top ten research highlights

The following highlights are the top ten most viewed research highlights on the English website of during the past month.

24 July 2017 ~ 23 August 2017

  • Virology: Cows herd immunity against HIV

    Nature, July 21, 2017

    Broadly neutralizing antibodies that can inhibit multiple strains of HIV can be generated rapidly in cows after repeated immunization with a protein that mimics the HIV envelope, reports a study published online in Nature this week. The findings may inform HIV vaccine design, although it remains uncertain whether the same approach could elicit a similar response in humans.

    Broadly ne...

    Original article doi: 10.1038/nature23301

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  • Infectious diseases: Anthrax in a tropical setting

    Nature, August 3, 2017

    Anthrax is responsible for the death of a wide range of mammalian species in a tropical rainforest according to a study published in Nature this week. Demographic models suggest that anthrax may accelerate the decline of chimpanzee populations in Tai National Park, Ivory Coast, and could result in their extinction from the park.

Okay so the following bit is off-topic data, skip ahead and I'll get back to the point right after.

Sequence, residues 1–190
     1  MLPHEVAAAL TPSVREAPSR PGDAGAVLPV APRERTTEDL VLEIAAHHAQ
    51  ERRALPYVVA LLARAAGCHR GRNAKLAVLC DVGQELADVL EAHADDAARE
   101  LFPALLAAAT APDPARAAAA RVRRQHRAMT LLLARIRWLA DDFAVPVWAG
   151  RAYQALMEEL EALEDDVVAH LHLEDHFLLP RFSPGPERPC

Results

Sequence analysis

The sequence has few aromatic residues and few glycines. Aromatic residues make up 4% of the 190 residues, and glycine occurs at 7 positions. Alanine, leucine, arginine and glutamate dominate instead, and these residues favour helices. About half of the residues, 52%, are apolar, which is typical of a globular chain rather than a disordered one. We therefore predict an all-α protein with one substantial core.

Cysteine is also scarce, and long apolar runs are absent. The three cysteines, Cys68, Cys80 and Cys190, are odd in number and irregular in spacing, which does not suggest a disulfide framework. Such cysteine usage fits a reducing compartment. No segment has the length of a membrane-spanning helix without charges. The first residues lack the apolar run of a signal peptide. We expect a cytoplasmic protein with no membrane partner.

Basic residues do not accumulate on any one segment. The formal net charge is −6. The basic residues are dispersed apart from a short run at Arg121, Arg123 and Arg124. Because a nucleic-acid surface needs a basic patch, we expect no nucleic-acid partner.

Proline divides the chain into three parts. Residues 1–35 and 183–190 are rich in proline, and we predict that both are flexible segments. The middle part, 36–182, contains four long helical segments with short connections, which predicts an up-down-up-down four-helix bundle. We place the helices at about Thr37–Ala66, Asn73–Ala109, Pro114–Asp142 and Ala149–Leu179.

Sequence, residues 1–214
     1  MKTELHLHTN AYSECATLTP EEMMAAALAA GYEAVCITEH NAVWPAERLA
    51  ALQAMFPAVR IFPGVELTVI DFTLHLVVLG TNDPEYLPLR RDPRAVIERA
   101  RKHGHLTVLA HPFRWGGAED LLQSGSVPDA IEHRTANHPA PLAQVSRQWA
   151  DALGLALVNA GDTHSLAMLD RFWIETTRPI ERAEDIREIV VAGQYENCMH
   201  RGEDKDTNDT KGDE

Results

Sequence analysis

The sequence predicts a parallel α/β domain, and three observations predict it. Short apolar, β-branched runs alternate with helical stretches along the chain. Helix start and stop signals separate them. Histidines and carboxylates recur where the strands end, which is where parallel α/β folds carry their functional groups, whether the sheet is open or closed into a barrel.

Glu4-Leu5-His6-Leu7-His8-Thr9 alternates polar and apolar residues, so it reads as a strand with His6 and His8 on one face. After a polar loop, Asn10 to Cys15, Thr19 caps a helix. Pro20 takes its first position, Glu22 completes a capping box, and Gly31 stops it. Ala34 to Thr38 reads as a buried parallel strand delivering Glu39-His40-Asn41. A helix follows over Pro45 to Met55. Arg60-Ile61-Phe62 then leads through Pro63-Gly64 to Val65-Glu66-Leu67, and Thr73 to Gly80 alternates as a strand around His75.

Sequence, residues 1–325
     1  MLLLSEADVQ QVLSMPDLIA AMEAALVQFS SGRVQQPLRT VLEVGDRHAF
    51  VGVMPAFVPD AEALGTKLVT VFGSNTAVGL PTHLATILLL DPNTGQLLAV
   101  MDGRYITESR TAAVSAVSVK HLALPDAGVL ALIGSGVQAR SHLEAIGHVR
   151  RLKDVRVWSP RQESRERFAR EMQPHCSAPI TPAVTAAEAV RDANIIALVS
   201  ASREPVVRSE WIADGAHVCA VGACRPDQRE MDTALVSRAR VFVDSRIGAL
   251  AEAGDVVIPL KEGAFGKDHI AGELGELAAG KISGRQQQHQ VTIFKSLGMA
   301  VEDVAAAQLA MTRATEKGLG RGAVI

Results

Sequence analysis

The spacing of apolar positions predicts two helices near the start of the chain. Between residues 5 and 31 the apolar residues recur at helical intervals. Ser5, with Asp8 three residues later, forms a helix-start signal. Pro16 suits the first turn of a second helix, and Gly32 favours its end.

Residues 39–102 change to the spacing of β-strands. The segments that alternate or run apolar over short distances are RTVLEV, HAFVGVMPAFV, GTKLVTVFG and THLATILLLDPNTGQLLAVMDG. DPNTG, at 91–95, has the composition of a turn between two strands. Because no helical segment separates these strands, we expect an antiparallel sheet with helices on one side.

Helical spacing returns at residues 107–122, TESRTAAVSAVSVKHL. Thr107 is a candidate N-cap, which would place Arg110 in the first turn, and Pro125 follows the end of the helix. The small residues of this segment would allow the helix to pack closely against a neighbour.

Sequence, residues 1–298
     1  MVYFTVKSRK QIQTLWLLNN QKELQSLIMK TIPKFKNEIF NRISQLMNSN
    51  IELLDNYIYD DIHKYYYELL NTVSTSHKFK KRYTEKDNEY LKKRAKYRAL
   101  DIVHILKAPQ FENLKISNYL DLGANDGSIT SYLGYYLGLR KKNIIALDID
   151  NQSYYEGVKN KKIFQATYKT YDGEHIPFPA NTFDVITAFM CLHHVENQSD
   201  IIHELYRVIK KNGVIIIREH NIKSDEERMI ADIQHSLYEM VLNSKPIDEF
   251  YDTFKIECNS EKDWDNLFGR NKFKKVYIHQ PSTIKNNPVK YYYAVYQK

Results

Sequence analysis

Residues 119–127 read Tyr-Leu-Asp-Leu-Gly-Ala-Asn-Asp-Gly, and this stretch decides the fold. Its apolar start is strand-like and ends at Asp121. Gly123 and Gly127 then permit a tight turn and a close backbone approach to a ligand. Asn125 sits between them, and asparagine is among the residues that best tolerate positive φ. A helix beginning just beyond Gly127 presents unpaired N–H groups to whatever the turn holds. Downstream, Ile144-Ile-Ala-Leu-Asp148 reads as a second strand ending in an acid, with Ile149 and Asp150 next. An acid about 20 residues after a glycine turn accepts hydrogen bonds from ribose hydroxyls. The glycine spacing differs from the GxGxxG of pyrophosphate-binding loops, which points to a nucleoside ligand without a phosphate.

Anthrax is most commonly associated with arid ecosystems...

    Original article doi: 10.1038/nature23309

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  • An association between sugar and mental health

    Scientific Reports, July 28, 2017

    A diet high in sugar found in sweet foods and beverages may be associated with an increased likelihood of common mental disorders (such as anxiety and depression) in men according to a study in Scientific Reports. The authors note that their findings should be replicated in other groups.

    Higher levels of sugar consumption have been linked to a higher prevalence of depression in sever...

    Original article doi: 10.1038/s41598-017-05649-7

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  • Ageing: How the hypothalamus controls ageing

    Nature, July 27, 2017

    The transplantation or loss of healthy hypothalamic stem cells may slow down or accelerate ageing, respectively, suggests a study in mid-aged mice published online in Nature this week. Although it is known that the nervous system has a role in ageing, and recent research has demonstrated that the hypothalamus is particularly important, the exact process, which leads to the physical signs of age...

    Original article doi: 10.1038/nature23282

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  • A cassowary-like dinosaur

    Scientific Reports, July 28, 2017

    A newly discovered species of dinosaur with a crest on its skull, similar to the casque found on the head of cassowaries - a flightless bird found in Queensland, Australia, is described in a study published in Scientific Reports. Based on the morphological similarities of the crest in both species, the authors suggest that cassowaries may provide clues to the functional role the casque played.<...

    Original article doi: 10.1038/s41598-017-05016-6